How to Choose a Portable Solar Power Station

How to Choose a Portable Solar Power Station

"How to choose a portable solar power station" is one of the most common questions when looking at backup and mobile power options. Up until the last couple of years, there weren't many options. But now, there are an incredible number of options, and it can make it challenging to understand what brand and unit to choose.


This guide for choosing a portable power station will make it easy to understand what specs to look for when choosing a portable solar generator. The first thing to consider is what needs to be powered from the power station. Then from there, the inverter output rating, battery capacity, solar rechargeability, future expandability, and system longevity are all important factors.


What to Run?


This is the first point to be looked at when reviewing portable power stations. There will be a significant difference in what system to go with depending on what it needs to power. If the portable solar power station needs to run a refrigerator, WiFi, and a phone, that is relatively easy. But if it needs to run 3 fridges, 2 freezers, WiFi, a tv, chargers for multiple devices, a sump pump, a well pump, a furnace blower, fans, lights, and medical equipment, then a much more extensive system is required.


Most people need to run a fridge, freezer, a few lights, a fan, and mobile device chargers. A system of that size would need at least a 1,000w inverter, a 3,600wh battery, and about 800w of solar input to work correctly. This system can work as a standby power source whenever the power goes out.


For people who need a more extensive system such as running 2 fridges, 2 freezers, WiFi, tv, well pump, sump pump, and the other things mentioned earlier, the system will be much more significant. It would require 240v power for the well pump. It would need a large inverter output for all the appliances and devices running. And a substantial solar input to recharge that whole system in a single day while still running that equipment.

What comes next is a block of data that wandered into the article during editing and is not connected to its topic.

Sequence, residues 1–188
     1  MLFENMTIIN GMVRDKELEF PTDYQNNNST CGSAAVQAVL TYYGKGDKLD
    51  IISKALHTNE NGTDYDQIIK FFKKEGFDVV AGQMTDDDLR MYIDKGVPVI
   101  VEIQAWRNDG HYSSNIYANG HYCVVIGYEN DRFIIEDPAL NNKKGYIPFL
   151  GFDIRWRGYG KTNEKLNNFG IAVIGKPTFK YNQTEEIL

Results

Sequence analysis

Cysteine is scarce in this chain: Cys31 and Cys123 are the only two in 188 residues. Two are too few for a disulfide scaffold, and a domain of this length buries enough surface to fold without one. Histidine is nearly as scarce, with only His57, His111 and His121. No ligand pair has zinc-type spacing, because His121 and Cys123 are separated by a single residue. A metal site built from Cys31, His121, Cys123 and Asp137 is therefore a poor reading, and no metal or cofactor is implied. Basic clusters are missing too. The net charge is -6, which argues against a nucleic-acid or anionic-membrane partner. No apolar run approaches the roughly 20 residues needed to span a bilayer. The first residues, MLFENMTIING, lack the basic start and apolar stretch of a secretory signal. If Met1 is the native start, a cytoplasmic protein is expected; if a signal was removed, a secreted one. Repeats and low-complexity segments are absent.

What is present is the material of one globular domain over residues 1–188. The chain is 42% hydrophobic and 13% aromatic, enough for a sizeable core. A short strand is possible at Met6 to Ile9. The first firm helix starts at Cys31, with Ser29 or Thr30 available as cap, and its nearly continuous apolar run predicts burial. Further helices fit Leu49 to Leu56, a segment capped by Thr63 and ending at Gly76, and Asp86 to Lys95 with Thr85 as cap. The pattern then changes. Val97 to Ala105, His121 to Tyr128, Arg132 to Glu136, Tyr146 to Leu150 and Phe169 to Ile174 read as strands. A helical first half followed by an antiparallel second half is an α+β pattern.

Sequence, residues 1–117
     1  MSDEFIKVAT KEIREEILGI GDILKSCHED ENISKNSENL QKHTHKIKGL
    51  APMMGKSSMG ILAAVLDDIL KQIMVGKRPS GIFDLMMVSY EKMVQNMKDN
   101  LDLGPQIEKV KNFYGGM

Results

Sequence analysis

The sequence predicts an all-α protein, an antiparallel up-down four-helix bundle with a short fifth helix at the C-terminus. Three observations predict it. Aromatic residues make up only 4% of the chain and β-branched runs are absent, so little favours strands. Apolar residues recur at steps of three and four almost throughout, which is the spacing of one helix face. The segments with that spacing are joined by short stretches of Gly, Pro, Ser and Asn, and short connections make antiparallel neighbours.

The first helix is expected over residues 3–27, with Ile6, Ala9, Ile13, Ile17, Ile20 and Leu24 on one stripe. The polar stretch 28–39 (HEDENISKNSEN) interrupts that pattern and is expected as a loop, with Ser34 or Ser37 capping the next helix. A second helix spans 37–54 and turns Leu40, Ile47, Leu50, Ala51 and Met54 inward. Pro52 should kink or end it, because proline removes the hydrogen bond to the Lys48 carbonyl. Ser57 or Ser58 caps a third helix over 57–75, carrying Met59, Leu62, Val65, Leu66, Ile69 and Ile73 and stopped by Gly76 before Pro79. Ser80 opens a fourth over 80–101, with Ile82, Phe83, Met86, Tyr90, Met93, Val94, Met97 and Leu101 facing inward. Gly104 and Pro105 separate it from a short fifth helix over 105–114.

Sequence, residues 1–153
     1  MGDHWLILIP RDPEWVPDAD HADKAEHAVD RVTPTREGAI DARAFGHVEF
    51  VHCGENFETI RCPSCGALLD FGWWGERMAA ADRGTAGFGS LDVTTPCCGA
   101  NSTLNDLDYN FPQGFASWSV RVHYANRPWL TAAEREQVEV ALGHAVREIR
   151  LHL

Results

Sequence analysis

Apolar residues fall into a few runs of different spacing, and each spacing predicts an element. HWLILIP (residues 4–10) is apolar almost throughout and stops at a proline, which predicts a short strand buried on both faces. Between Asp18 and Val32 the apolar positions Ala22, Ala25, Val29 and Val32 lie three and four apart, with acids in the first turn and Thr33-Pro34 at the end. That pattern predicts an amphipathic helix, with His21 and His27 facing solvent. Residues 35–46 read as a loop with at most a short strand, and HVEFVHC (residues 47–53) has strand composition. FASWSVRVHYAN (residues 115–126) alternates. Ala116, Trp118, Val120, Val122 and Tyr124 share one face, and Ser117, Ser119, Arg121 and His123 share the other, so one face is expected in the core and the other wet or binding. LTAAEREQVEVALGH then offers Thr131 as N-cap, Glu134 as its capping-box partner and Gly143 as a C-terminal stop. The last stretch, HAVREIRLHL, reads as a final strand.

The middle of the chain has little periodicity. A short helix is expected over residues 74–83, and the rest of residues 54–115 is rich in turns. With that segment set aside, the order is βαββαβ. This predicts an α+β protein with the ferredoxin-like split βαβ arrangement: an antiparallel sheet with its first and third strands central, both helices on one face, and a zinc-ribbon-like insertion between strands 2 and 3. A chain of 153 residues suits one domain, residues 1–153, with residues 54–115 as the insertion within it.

Inverter Output


An inverter is a large microchip that converts battery voltage to household voltage. Battery voltage is not suitable for running household devices. Typical battery voltages in portable solar power stations are 12v, 24v, and 48v. The voltage that comes out of a standard house outlet is 120v. If a kitchen appliance, such as a microwave, does not have the correct voltage going into it, it will either not work or get damaged.


Some appliances or devices use 240v power, such as well pumps, air conditioners, electric water heaters, electric stoves/ovens, electric clothes dryers, and electric furnaces. If any of those appliances need to be powered, then the inverter must be capable of handling that much voltage. Typically, with portable solar power stations, it'll be necessary to have two inverters to make 240v power since it is called "split phase power." Essentially, each inverter makes one "phase" of power, and having two of them together makes it possible to split or oppose them to work appropriately with 240v appliances.


But in the case of portable power stations, it's unnecessary to worry about that because those features are already built into the system, making it easier for the end user.


Most power stations will make 120v power which means you can connect anything to it that would connect to a typical house outlet, and it should work without any difficulty. The only thing to consider is how powerful the inverter should be. All that's necessary is to find out how many watts the devices use that will be used on the system.


A refrigerator typically uses about 400w when running. An LED light bulb will typically use 14w when running. A sump pump to keep water out of a basement or yard varies greatly depending on how many watts it operates and how much horsepower it's rated. But a typical pump is around 800w when in use. A toaster, coffee maker, or microwave often uses about 1,300w when running.


Typically, the power rating is listed on a small sticker on every appliance or device, but a quick Google search will also help find how many watts different devices use.


Simply add the total wattage of what would be running at one time, showing how many watts the inverter should be rated to. If a fridge, coffee maker, and microwave run simultaneously, the inverter must be rated at least 3,000w. 400w for the fridge, 1,300w for the coffee maker, and 1,300w for the microwave.